How long might this entire mess take to unwind and what are the impacts on our nation’s housing market? The Obama administration’s programs  to modify mortgages are ultimately a stalling tactic to stem the foreclosure process. What does that mean for the future of our housing market? Let’s visit housing and mortgage expert Mark Hanson who recently wrote that at the current pace of foreclosures, it will take 101 months (that’s right, over 8 years!!) to clear the number of loans in the distressed pipeline.

Add it all up, and we are talking potentially a trillion dollar loss and almost a decade for our nation to reconcile the housing mess driven by Fannie and Freddie, facilitated by their Washington cronies.

Nice legacy.


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  • Juice

    Why can’t we impose clawbacks on the campaign contributions made by Freddie and Fannie to legislators?

    Additionally perhaps we can withhold all future compensation and benefits form all those who accepted contributions over a certain level from Freddie and Fannie?

    Might these legislators want some options on Freddie and Fannie stock struck somewhere about 60-70 points higher from current levels or in line with their promises and projections for these two wards of the state?

    Perhaps we should implement all of the above.

  • fred


    I do not question the truth as you present it here on Sense on Cents, I do question how the American people accept our leadership response to issues of importance and the use of public money to make those who took unacceptibly high financial risk whole.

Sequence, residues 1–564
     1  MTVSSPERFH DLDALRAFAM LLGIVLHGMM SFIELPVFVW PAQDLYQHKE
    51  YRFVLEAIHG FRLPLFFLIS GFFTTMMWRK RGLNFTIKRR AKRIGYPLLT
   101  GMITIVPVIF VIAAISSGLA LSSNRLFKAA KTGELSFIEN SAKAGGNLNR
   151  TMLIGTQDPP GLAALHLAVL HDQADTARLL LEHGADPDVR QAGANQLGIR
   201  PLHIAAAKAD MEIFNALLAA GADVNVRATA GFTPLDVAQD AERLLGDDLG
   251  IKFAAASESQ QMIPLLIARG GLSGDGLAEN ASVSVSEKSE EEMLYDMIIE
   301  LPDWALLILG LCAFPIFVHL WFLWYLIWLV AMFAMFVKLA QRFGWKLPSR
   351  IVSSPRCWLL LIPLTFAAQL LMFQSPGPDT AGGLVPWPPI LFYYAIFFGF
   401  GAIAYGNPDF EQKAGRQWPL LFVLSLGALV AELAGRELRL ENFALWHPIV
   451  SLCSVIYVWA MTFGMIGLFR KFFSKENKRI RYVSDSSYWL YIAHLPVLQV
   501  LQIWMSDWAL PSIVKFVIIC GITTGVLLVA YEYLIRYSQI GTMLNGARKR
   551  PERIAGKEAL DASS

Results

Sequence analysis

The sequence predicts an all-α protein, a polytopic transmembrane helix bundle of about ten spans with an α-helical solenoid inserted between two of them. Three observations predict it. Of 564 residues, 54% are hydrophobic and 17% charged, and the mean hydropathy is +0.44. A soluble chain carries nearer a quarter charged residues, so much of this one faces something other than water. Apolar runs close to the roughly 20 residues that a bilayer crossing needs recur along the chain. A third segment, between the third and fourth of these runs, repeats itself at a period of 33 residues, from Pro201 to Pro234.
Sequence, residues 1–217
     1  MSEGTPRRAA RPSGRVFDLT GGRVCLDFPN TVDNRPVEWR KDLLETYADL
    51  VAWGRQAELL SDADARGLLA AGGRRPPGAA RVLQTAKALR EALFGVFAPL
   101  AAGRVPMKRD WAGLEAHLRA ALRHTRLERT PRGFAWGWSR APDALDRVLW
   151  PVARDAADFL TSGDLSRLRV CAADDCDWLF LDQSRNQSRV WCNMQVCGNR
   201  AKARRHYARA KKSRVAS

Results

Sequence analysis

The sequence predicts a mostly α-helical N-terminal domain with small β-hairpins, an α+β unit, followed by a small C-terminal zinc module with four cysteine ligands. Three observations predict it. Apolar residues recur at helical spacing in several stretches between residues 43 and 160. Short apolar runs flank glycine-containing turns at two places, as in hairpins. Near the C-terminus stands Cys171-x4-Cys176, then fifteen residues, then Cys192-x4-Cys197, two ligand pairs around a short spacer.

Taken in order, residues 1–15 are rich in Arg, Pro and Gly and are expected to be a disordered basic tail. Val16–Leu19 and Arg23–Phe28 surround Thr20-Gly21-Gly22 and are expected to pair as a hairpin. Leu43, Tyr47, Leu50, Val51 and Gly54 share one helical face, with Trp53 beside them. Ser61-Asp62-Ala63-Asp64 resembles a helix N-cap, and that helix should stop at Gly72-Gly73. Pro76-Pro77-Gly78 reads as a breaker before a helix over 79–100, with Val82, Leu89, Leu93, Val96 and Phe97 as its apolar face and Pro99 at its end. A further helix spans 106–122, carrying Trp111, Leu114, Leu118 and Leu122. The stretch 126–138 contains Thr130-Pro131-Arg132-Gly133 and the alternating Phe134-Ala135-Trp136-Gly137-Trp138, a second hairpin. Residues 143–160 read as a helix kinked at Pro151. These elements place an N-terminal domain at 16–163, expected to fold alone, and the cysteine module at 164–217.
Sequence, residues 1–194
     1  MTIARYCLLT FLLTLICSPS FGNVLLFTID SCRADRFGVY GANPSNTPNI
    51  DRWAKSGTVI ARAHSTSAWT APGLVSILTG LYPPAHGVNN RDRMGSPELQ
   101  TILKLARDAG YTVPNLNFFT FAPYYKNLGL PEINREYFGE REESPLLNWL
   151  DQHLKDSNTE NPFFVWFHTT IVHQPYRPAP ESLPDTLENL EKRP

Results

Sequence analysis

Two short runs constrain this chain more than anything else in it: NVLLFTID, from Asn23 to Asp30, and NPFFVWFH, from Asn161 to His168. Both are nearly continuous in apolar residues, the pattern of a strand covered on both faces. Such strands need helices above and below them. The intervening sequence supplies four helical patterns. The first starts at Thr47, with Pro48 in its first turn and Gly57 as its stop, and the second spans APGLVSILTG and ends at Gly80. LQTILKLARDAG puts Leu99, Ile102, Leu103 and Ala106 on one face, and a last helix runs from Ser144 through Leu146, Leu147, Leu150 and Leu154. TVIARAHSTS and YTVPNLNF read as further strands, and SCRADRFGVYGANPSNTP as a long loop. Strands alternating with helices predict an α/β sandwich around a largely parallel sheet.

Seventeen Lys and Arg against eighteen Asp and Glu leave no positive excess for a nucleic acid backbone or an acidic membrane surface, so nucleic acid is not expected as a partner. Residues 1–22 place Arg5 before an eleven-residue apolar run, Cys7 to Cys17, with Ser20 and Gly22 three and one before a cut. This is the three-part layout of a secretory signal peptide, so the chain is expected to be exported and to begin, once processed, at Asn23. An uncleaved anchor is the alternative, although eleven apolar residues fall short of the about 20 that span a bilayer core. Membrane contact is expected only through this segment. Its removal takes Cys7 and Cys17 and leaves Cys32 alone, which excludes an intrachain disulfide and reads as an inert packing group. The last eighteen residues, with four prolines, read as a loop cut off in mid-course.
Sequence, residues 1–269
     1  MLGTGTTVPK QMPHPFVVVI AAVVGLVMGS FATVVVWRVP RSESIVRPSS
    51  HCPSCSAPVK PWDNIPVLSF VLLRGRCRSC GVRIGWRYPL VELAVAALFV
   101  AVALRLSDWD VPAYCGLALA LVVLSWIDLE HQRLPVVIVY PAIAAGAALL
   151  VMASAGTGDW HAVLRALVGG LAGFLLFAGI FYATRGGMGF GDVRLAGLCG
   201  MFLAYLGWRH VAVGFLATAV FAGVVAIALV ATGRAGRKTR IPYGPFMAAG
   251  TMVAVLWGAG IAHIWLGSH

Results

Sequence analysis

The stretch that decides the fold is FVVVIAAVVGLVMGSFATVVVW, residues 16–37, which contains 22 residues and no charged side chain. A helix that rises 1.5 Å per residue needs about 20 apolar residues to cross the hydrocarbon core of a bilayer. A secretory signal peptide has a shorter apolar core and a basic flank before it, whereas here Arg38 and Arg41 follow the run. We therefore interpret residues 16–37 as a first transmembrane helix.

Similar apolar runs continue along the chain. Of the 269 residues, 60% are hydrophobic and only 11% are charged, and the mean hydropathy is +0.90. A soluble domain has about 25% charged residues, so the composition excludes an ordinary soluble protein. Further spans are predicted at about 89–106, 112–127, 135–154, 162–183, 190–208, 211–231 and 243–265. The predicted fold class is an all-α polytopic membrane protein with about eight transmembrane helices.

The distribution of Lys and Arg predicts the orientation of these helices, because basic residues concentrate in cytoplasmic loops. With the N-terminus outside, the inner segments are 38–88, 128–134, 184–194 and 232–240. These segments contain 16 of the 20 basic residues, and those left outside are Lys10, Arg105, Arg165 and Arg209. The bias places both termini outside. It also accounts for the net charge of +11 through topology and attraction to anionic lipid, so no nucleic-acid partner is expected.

Is it simply ignorance or apathy, or is it something inherently wrong within our system of government or brand of capitalism? Is our only availible course of action to vote every 2/4 years? Realistically, how can we expect to change, or at least hold accountible, institutions such as the Federal Reserve, Supreme Court or for that matter Fannie/Freddie?

    • LD


      I think it is a number of things, including:

      1. A lack of real statesmanship and leadership on behalf of those elected to office.

      2. Public service has turned into a career in which individuals look to garner wealth instead of a true calling to serve.

      3. Real quality individuals who would make great public servants do not want to get dragged through the filth and sewage that goes along with the political process.

      4. A general lack of real foresight, vision, perspective, and basic knowledge/intelligence by too many holding office.

      5. The electorate is both lazy and misinformed. Do not get me started in terms of birth rates and graduation rates.

      6. Not enough people pay taxes and thus have no ‘skin in the game’. Too many others avoid taxes through shelters.

      7. Too many pols have been willing to mortgage the future and too many people in the electorate believe the American dream is to get the public pension and retirement package at an early age. That is not how the country was built and that is not how the country will be sustained.

      I think that is enough for now but when and how will it truly change? Great question.

  • fred


    Suggested guest for your radio spot, Gerald O’Driscoll, Senior Fellow Cato Institute.